Meet the South African Billionaire Buying Britain’s High Street

Christo Wiese
South African billionaire Christo Wiese. Photographer: Hetty Zantman/Financial Mail/Gallo Images via Getty Images

If you spend any money on a British high street in the coming months, there’s a good chance you’ll be giving some of your cash to a billionaire you’ve never heard of.

Christo Wiese, a 73-year-old South African, expanded his empire Friday with an agreement to buy New Look, the discount women’s clothing retailer, for 780 million pounds ($1.2 billion). His Brait SE investment firm already owned a stake in the Iceland chain of frozen-food stores and last month signed a deal to buy U.K. health-club operator Virgin Active for $1 billion.

For Wiese, a native of South Africa’s arid Northern Cape province, the move into the U.K. is the latest step in a decades-long retail career. He began working at discounter Pep Stores and, after an interlude in diamond mining, returned as chairman in 1980. Last year he agreed to sell the business for $5.7 billion -- which he celebrated with a barbecue -- and is now buying retailers in British towns and cities.

“I still enjoy what I’m doing which is building businesses,” Wiese said in an interview last month. “I don’t play golf. I don’t have any particular passion apart from my business and my family and that gives me all the pleasure that I want.”

Brait is a publicly traded investment firm in which Wiese is the largest shareholder, with 35 percent of the shares and a seat on the board. He’s South Africa’s fourth-richest man, with a fortune of about $7.1 billion, according to Bloomberg’s Billionaire Index.

Currency Decline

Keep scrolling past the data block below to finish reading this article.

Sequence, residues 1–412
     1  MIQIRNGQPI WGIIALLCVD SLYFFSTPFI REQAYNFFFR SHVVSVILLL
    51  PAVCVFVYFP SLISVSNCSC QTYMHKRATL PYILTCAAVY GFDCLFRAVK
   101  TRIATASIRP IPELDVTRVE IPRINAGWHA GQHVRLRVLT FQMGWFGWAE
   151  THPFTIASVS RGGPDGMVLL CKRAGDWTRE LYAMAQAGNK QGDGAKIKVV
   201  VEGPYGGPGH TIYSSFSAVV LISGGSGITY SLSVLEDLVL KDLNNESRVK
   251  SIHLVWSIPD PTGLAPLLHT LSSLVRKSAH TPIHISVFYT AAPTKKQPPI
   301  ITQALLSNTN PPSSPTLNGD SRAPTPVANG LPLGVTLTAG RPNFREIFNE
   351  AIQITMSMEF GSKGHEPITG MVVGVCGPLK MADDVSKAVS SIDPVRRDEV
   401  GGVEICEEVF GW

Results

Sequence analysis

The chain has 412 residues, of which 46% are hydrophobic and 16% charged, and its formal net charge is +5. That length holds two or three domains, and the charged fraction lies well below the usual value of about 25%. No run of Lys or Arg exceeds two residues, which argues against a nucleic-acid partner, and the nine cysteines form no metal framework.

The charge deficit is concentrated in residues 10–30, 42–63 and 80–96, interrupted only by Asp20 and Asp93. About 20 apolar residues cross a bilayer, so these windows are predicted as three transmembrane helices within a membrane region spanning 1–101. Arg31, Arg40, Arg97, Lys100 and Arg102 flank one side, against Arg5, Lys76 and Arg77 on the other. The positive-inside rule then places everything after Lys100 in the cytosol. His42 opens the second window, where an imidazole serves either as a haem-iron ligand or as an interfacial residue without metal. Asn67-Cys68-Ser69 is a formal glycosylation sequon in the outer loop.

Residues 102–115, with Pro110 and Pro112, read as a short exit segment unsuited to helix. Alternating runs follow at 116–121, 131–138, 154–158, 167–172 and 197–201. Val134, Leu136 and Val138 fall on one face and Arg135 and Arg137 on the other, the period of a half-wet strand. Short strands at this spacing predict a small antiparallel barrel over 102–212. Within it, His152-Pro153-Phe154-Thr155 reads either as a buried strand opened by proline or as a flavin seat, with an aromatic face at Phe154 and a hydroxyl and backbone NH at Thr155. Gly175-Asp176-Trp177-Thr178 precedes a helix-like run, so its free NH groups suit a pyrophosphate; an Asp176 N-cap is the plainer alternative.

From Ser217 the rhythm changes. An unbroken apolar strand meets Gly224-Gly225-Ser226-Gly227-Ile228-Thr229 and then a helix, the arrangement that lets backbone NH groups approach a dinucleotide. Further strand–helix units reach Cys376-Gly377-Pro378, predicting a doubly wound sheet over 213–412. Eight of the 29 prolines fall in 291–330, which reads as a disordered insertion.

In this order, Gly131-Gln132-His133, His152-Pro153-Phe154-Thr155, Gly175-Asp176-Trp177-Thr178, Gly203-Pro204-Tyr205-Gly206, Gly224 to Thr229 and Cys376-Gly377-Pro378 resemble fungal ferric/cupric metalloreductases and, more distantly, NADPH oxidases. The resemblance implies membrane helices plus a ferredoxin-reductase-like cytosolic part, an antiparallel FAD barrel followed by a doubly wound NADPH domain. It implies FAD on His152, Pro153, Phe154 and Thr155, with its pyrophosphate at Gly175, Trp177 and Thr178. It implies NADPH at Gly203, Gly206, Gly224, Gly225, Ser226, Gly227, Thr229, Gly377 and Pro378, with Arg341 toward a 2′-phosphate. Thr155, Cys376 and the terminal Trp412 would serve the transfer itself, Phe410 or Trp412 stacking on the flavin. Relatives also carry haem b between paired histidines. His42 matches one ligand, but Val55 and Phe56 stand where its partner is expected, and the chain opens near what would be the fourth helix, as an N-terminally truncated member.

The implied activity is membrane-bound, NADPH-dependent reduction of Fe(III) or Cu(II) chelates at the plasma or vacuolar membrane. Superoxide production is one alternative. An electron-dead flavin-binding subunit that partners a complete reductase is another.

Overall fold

Brait is diversifying out of South Africa as local retailers struggle amid unemployment of 24 percent, prolonged labor disputes and high levels of personal debt that are squeezing household incomes. The rand also has lost 22 percent against the dollar in the past two years.

“Any sizable South African company over time is going to have to diversify outside South Africa because the outlook of the rand is weak and the long-term economic prospects are weighing on that,” said Wayne McCurrie, a money manager at Momentum Wealth. “Buying into New Look gives Brait more exposure to a stable currency and taps into the value offering that is expanding in the U.K.”

Brait looks for businesses with strong market positioning, brands and management teams, and the potential for double-digit profit growth, said its South Africa Chief Executive Officer John Gnodde. The company still has around $800 million to spend on acquisitions.

China Expansion

“We’re in the business of finding good companies to invest in that have a good strong base, a good strong platform, that tick the boxes for us,” he said by phone. “And importantly that we can partner with over the long term.”

Part of the appeal of New Look lies in its expansion into China, which began in 2014. The company will have as many as 80 stores in China by the end of the financial year and also is targeting growth in Poland, Germany and France.

While Wiese says he doesn’t have any passions beyond his job, he has invested in two areas that are important to many South Africans: Animal conservation and wine. He owns a game reserve in the Kalahari desert and the 4,000-hectare (9,884-acre) Lourensford Wine Estate that’s a 45-minute drive east from Cape Town.

“The objective in owning that game reserve is first of all something for me to enjoy, and secondly to make a contribution to conservation,” Wiese said.

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